The Northern Spy
Going Shopping with $60-90B
Apple's latest quarter
saw the company finish with the usual record sales and profits, the accumulation of some $61B in loose cash with much more already pouring into the coffers, and at least a hint from the iCEO that the money was beginning to burn a hole in the corporate pocket. How would our reader like to go shopping for goodies on an essentially unlimited budget, or at least one larger than many countries? The Spy thinks it a bit late for Halloween, so let's imagine a Christmas shopping trip, though the two dates do have much in common. After all 31(Oct) = 25(Dec).
So, when iSteve is lying awake at night, and he's done with counting lions leaping over the trackpad, with thoughts of merging iOS with MacOS at the lower notebook end completely crystalized into action plans, what should he dream about buying as groceries for all his little Cupertino elves or as presents for the boys and girls to whom he delivers to from his high technology?
Ah, but what fits in iSteve's stockings, at his dinner table, or under his corporate tree, depends not so much on what he is buying but on what else he is (really) buying, so to speak. After all, playing monopoly with real money does require more analysis than throwing a die and hoping to land on Boardwalk, just because.
Speaking of monopoly, becoming an investment bank such as Brookfield Management Associates and their ilk, then using the money to purchase, say, downtown Vancouver as a rental property, the Port Authority of New York for a billionaires' yacht moorage, and/or the entire world's yttrium mines to corner a rare earth market, might be substantial money makers, but aren't the kind with which iSteve appears comfortable.
Returning dividends to shareholders also seems outside his pale, off the dessert menu, not part of Santa Steve's sleigh manifest. So let's assume a technology shopping trip--one that would enhance the Apple to which iSteve would like us to become accustomed.
If he's in the market for revenge eaten cold, he could pick up Dell for chump change, close it down, and return the other shareholders' money. A delicious tidbit, but the iSteve hasn't ever been given to fulsome gestures made primarily for effect, so score this one as unlikely.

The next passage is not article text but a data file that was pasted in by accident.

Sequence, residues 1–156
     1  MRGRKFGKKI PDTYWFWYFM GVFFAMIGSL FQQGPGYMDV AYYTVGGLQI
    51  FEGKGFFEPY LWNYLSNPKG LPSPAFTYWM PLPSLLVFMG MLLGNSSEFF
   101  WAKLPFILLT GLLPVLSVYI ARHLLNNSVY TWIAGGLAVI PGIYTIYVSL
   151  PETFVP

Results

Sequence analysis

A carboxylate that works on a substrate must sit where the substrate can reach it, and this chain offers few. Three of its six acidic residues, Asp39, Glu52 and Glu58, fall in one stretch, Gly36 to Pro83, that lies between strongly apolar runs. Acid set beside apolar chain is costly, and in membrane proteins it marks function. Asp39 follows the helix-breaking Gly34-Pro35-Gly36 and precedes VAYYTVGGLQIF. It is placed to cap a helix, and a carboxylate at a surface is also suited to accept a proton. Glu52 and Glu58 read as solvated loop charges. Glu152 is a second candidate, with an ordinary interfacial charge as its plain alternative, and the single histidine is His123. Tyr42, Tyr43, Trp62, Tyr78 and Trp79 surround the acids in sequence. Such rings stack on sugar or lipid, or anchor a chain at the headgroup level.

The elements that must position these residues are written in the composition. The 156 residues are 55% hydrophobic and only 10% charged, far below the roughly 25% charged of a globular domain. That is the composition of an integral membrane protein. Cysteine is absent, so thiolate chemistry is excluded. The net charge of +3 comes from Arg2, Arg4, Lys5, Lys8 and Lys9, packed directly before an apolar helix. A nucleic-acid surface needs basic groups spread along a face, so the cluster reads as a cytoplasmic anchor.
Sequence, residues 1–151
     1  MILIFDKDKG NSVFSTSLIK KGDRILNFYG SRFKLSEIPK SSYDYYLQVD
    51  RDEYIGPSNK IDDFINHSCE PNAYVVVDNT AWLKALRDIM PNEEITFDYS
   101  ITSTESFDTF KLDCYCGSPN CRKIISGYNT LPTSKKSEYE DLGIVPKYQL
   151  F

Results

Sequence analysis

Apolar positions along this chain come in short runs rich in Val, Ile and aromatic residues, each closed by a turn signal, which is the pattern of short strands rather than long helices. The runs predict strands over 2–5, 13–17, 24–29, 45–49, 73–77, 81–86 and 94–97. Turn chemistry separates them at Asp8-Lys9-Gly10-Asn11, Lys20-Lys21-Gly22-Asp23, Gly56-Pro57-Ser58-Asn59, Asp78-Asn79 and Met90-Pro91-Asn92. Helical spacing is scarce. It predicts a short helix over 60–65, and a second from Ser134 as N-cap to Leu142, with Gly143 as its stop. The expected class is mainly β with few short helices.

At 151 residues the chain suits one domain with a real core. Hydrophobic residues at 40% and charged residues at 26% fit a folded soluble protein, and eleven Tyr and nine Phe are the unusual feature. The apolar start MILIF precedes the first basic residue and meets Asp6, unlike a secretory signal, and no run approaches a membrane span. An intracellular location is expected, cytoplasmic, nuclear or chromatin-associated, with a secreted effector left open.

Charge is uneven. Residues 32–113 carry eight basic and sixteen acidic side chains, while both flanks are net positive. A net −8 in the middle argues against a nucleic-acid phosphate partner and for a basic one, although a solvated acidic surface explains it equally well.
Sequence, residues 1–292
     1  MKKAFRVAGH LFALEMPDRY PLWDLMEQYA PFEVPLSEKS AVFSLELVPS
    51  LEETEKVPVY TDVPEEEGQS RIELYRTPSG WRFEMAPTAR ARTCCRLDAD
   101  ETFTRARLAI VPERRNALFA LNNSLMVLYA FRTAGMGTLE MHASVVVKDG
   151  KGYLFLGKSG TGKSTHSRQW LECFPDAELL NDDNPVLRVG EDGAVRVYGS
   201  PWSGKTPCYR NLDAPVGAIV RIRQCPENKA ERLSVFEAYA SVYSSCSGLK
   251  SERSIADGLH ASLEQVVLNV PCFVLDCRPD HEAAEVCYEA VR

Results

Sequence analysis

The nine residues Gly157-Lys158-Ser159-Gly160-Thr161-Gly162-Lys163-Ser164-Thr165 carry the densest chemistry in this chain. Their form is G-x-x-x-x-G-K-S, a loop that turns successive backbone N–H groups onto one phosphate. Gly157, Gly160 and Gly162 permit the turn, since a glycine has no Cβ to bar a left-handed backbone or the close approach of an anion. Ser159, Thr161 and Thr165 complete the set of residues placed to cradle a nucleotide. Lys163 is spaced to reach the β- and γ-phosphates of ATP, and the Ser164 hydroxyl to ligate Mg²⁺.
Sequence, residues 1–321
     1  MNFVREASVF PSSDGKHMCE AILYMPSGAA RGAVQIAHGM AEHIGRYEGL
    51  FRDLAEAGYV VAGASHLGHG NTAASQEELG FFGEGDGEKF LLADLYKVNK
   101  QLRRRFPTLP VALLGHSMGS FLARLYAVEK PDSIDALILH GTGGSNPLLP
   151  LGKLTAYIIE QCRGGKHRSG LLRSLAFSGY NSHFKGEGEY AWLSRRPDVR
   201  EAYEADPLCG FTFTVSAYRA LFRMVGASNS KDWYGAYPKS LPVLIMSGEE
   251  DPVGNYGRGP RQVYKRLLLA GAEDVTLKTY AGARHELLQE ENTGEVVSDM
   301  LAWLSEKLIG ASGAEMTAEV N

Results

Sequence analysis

If heavy irony were the buy, IBM would make a tasty course, diced and served with beet tops, not just for its big iron, but for its growing corporate service business, data expertise, and iconic enterprise mindshare. However, iSteve seems to prefer that the enterprise pay court to him on his own terms and via the halo effect rather than him taking flowers to his fellow CEO billionaires, so this sounds like a non-starter as well.
If it’s integration on the hardware side, a chip company or two might make a good Christmas appetizer. However, iSteve's inaction on plenty of such opportunities since the Spy first made this suggestion, and his apparent willingness to contract out manufacturing in general, suggests taking the possibility of this menu item with more than one grain of salt. 'Course, all the Intel annoyances would go away if Apple owned the biggest deep fryer of all chip makers, but the antitrust people might have something to say about that. Perhaps a small order of chips rather than a large. A switch from an Intel chip to a proprietary one would not be too much of a reach, provided Apple controlled the design and manufacturing.
On the software side, Apple already has some big-time products, including a real database application (which MS lacks). What's missing? Robust enterprise-scale word processor, spreadsheet, and accounting software. But of these three, only the first category boasts potential buyout opportunities, the most prestigious of which would be Nisus Writer Pro. Next to Excel, other spreadsheets are mere toys, and no one has a Mac accounting package significant enough even to do fund accounting for charities. Both would have to be developed from scratch, projects that could easily burn appreciable percentages of that loose change in the Apple vaults. Feasible? Yes. Likely? No. iSteve appears to have other fish to fry with his chips.
If rapid expansion on the retail front is the white meat he plans to swallow for the main course of his corporate meal, Radio Shack/The Source might prove a good foundation for the main course. iSteve could banish the junk computers and cell phones from the premises, keep the hobbiest merchandise, and add a kajillion small stores in the malls of North America to his retail Mac/iPhone/Pad/Pod sales outlets in a one swell foop. Throw in, A&W, Wendy's, or the whole of Tim Horton's, and he could add ketchup with those chips. However again, the Spy sees iSteve as perhaps a pizza and Jolt kinda guy, but otherwise eschewing fast food for upscale steak and sea food served at a trendy address.
Buying RIM, Motorola, or Nokia would all allow expanded reach in telephony, and might seem worthy of secondary tree-gift status. But that's what all three are these days--telephonies, on the way to the depths where Palm now ekes out bare existance as a remnant of a bygone era. How could he buy such a present for the company that already has everything they offer and more? Scratch this one from the idea list as too late to the table. The meal's already been served and eaten. (Mixed metaphors, yes, of course.)